Conversely, an alternative paradigm of reintegration—concerned more with the support and rehabilitation for ex-prisoners—is emerging as a better way to approach prisoner reentry (Lynch, 2006). Recent studies suggest that programs designed specifically to help ex-offenders reintegrate into local communities (e.g., vocational training, housing assistance) do a much better job of helping ex-prisoners achieve stability and self-sufficiency (Stafford, 2006). Recidivism is consequently reduced, but more as an indirect effect of pursuing other tangible, positive outcomes (e.g., housing, sobriety), not from a direct concern with monitoring behavior to ensure compliance. Examples include the Forever Free program located at the California Institution for Women (Wellisch, Patten & Cao, 2004), the Boston Reentry Initiative (Braga, Piehl & Hureau, 2009), New York’s Community and Law Enforcement Resources Together (Jacobs & Western, 2007), California’s Preventing Parolee Crime Program (Zhang, Roberts & Callahan, 2006), and various Project HOPE programs administered in places like Hawaii, Utah, and Virginia. Yet most of these programs are still administered through the criminal justice system and often provide limited post-release care, whereas current research demonstrates that desistance from crime happens predominantly away from the criminal justice system (Farrall, 1995; Maruna & Toch, 2005) and thus programs will be more successful if they are community based and administered away from institutional settings (Petersilia, 2004). Accordingly, other studies demonstrate that voluntary, community-based programs that enlist the service of “intermediaries” (Pager, 2006) or “boundary spanners” (Pettus & Severson, 2006) are effective at helping ex-prisoners meet their basic needs, especially regarding employment and housing. These programs include volunteers from faith-based organizations and dedicated case workers from nonprofit organizations; others involve family members as partners in the reentry process (Martinez, 2006). Although this reintegration paradigm challenges current assumptions about punishment and surveillance in favor of rehabilitation and support, it has yet to impact most policy decisions, which still focus on recidivism reduction and retribution (Steen et al., 2012).

Why are these reintegration programs more effective at reducing recidivism, while conventional approaches of supervision and control are less successful? We argue that increased surveillance and control focus on the problems of recidivism but do not get at the underlying causes. On the surface it may seem that the problem is simply a matter of parolees breaking the law who need to be disciplined and reincarcerated. But if supervision and control are not effective at reducing recidivism, perhaps mere disobedience is not the underlying cause. If we go deeper and ask why people violate parole we get a more complicated picture involving the breakdown of relationships, trust, and connections within society. Simply put, former inmates are released into a difficult environment with overwhelming demands they are ill-prepared to meet, despite the best of their intentions.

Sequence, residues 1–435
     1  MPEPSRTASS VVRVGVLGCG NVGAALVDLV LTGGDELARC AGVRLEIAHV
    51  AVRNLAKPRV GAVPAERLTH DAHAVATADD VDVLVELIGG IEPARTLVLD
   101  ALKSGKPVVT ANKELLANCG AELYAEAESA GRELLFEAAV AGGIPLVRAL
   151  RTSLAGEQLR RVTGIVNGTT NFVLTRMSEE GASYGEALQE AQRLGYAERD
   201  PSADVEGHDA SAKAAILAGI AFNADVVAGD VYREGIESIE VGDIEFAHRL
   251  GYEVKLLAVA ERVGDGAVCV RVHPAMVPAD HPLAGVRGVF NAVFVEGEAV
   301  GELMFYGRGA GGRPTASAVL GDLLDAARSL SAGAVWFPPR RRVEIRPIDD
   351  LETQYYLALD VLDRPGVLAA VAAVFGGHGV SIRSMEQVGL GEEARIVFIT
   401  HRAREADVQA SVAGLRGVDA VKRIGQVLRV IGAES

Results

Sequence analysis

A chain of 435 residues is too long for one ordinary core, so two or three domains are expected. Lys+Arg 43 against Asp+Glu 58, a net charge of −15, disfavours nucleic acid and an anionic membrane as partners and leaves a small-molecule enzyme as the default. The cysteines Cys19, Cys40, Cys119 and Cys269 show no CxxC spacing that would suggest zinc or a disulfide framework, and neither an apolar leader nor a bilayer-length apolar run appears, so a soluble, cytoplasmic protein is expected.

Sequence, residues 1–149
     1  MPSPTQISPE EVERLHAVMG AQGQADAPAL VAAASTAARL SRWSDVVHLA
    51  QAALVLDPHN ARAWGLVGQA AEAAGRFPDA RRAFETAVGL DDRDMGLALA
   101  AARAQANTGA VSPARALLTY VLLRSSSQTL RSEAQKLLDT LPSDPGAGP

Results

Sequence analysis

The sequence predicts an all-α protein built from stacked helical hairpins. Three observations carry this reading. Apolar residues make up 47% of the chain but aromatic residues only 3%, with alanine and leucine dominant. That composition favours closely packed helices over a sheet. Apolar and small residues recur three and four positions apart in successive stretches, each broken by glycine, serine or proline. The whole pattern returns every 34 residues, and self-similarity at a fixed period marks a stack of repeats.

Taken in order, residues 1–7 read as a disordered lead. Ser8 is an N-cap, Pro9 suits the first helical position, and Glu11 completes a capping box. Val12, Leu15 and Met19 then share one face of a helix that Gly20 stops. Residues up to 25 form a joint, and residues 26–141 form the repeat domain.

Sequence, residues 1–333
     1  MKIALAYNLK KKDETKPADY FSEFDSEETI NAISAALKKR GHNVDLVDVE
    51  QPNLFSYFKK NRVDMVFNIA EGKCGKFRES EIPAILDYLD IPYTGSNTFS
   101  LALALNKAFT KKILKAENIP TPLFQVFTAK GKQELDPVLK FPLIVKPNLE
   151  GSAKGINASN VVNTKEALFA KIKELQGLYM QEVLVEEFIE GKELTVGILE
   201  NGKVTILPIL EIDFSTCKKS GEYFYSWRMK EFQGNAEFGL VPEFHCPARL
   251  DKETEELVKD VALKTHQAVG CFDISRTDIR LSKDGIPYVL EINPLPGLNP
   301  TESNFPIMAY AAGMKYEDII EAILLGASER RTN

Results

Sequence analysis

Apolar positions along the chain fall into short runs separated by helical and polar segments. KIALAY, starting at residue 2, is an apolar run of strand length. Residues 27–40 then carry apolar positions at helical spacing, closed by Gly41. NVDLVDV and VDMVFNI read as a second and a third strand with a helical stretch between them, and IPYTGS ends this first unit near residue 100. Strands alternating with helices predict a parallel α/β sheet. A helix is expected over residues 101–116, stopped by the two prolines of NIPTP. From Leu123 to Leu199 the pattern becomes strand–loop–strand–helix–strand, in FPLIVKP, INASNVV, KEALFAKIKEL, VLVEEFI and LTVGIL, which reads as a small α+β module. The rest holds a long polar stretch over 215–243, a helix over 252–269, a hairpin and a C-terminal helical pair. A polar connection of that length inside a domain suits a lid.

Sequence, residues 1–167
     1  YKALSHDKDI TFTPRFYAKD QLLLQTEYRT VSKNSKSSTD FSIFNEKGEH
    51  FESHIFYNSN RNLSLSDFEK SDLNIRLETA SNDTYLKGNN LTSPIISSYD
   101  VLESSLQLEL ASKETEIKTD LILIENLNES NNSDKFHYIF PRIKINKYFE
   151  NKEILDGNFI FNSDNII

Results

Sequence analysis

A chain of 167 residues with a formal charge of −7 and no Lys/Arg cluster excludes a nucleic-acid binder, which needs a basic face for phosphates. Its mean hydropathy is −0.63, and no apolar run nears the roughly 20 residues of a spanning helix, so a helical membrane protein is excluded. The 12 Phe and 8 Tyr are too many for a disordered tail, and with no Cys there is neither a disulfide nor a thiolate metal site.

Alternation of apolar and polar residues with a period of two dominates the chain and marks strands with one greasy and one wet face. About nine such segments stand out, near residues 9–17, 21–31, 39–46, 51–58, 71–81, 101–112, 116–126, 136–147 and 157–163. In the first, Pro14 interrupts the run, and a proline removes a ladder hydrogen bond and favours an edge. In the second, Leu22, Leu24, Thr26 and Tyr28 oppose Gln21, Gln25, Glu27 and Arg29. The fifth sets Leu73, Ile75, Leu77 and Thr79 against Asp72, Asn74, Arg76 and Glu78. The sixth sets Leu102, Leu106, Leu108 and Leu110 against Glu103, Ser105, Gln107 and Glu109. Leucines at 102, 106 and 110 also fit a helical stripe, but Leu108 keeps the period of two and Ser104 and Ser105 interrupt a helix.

Obeying the law is not simply a function of choosing not to commit crimes; it also the result of having sufficient access to resources and opportunities—social capital—that make criminal activity unfavorable and less likely. Social capital develops through networks as people are connected to others who can provide information and mutual benefit (Bourdieu, 1986). These webs of relationships have “collective value” (Putnam, 2000) because they connect people to opportunities and information they otherwise would not have access to (e.g., employment and educational opportunities, information about raising kids or managing finances, knowledge of how to navigate city government or the legal system, etc.). The concern for most ex-prisoners, however, is that incarceration has cut them off from networks that provide social capital, making it incredibility difficult to manage the complexities of post-release life. Others never had these connections to begin with, which certainly influenced their criminal activity in the first place (i.e., social breakdowns often occur before—not just as a result of—incarceration). Therefore we turn to communication theory to provide insights about the relational aspects of prisoner reentry, and we apply these theoretical insights to understand the value of reentry programs that emphasize mentoring and personal relationships.

Communication Theory and Prisoner Reentry:
Applying a Constitutive Model of Communication